July | August 2012

Mentoring: OJJDP Reaches Out to Children With Deployed Parents

Children in military families experience unique challenges that other children may never face, such as dealing with their deployed parent's extended absence, multiple deployments, and anxiety over his or her safe return. In some cases, both parents are deployed, and the children live with a grandparent or other close relative or friend. Children of deployed parents need a listening ear, caring support, and fun activities during these stressful times in their lives.

Responding to this need, OJJDP in fiscal year (FY) 2011 awarded a total of $20 million to the National 4–H Council, Boys & Girls Clubs of America, Big Brothers Big Sisters, and six other organizations to support mentoring programs for military children. The U.S. Department of Defense provided this funding to OJJDP as part of a joint effort to support military families.

The FY 2011 support is already making a difference in the lives of thousands of military kids across the country—among them, Carter Smith, age 11, and his three brothers, who are attending a 4–H summer camp at Dover Air Force Base in Delaware.

Carter Smith, 11, programs a computer to bring a robot he built to life.
Carter Smith, 11, programs a computer to bring a robot he built to life.
On a recent afternoon at the base's youth center, Carter was busy at work in a LEGO robotics program, which the 4–H Club launched at the request of the summer camp's children. Carter also proudly showed off a birdfeeder he had built in a recent woodworking class and that he planned to enter into a competition at an upcoming 4–H Club summer fair.

"4–H has lots of fun activities," he said. "The most important thing is it gives me a chance to forget about my worries."

The Smith boys' father, who is in the Air Force, recently returned from a deployment in Southwest Asia. Their mother, who is in the Air Force Reserve, has been at home. But that will all change in a few weeks, as both parents are soon leaving for a 6-week training. The boys' grandmother is flying in from Colorado to take care of them in their parents' absence.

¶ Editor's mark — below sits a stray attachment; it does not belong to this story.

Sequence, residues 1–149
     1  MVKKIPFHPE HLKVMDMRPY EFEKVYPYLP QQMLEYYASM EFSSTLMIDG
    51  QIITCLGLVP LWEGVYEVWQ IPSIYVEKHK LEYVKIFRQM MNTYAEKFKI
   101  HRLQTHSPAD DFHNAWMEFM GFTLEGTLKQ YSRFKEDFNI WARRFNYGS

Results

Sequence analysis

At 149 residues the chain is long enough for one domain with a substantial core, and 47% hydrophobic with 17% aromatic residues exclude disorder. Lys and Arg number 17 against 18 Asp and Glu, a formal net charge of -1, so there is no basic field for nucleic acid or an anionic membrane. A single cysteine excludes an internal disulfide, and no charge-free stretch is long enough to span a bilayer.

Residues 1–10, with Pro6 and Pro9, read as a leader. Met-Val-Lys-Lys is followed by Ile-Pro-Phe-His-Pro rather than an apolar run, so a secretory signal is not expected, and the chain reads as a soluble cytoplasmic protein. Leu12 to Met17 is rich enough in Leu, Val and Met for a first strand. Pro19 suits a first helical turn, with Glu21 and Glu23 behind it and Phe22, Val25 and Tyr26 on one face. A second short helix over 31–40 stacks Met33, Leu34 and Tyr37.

Krisanne Miley, 4–H teacher and mentor.
"I see the four Smith boys a lot," says Krisanne Miley, 4–H teacher and mentor. "Being here, they have a comfort level. They can open up."
There are a lot of people to whom these children can turn for support, including Krisanne Miley, 23, a 4–H teacher and mentor. "I see the four Smith boys a lot. Being here, they have a comfort level. They can open up. They tell me things that they may not easily share with others."

There is also a trained Military Family Life Consultant (MFLC) who works at the Dover Air Force Base's youth center. "I see a lot because I'm here a lot," said MFLC Trish Elkin. "The kids get to know me. If we have concerns about a child, we can let their parents know, and work with the families to help."

Carter Smith displays his gymnastics skills at the Dover Air Force Base youth center in Delaware.
Carter Smith displays his gymnastics skills at the Dover Air Force Base youth center in Delaware.
During the school year, children get homework help after school and then later participate through the 4–H Club in classes on cooking, robotics, arts and crafts, and technology.

"The great thing about the 4–H curriculum is that it's the same wherever you are in the world," said Rhonda Martell, 4–H Military Liaison in Delaware. "Military kids often have disruption in their lives, and the 4–H program ensures consistency."

A visitor's conversation with Ms. Martell was suddenly interrupted by a tug on the arm from a smiling Carter Smith.

"Do you want to see something great?" And soon after, on the lawn outside the youth center, Carter executed several perfect cartwheels.

OJJDP's Fiscal Year 2011 Mentoring Programs

Research shows that mentoring relationships can improve youth's self-esteem, instill more positive attitudes and behavior, reduce the likelihood of drug and alcohol abuse, stop violent behavior, and enhance academic performance. Recognizing these substantial benefits, OJJDP has long supported mentoring to promote successful outcomes for at-risk youth.

In fiscal year (FY) 2011, the Office awarded a total of $108 million to support mentoring programs, including $20 million from the U.S. Department of Defense to nine organizations to provide mentoring for youth with parents in the military. Other new FY 2011 mentoring initiatives focus on child victims of commercial sexual exploitation, youth with disabilities, and tribal youth. In addition, the Office continued to fund mentoring initiatives for youth reentering their communities from juvenile residential facilities. Research on best mentoring practices also remained a priority for OJJDP.

Resources:
To learn more about mentoring resources, visit the Office's Web site. For more information about OJJDP's FY 2011 mentoring partnership with the U.S. Department of Defense, read the press release announcing the initiative.